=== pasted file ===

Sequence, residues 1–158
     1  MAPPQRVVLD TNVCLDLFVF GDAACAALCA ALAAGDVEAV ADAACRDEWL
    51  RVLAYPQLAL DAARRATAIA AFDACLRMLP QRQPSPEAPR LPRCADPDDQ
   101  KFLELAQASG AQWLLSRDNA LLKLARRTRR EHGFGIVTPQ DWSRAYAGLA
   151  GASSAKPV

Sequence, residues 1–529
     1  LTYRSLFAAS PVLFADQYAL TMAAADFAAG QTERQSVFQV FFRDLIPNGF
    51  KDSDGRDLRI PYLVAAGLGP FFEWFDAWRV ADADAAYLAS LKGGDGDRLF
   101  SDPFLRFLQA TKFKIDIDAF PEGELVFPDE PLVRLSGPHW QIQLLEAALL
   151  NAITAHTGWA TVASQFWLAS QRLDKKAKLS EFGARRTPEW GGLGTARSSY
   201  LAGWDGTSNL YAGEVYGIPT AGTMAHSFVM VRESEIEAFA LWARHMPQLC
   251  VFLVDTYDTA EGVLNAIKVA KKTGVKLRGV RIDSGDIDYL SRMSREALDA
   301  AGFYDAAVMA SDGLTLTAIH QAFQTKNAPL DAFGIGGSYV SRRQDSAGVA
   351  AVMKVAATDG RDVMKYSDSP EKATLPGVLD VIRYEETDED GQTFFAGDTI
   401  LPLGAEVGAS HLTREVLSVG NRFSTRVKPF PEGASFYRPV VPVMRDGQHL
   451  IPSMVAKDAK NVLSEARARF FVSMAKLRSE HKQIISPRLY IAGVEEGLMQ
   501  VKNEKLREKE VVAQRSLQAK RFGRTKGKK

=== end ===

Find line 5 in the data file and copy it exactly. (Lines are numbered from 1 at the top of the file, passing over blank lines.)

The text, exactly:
   151  GASSAKPV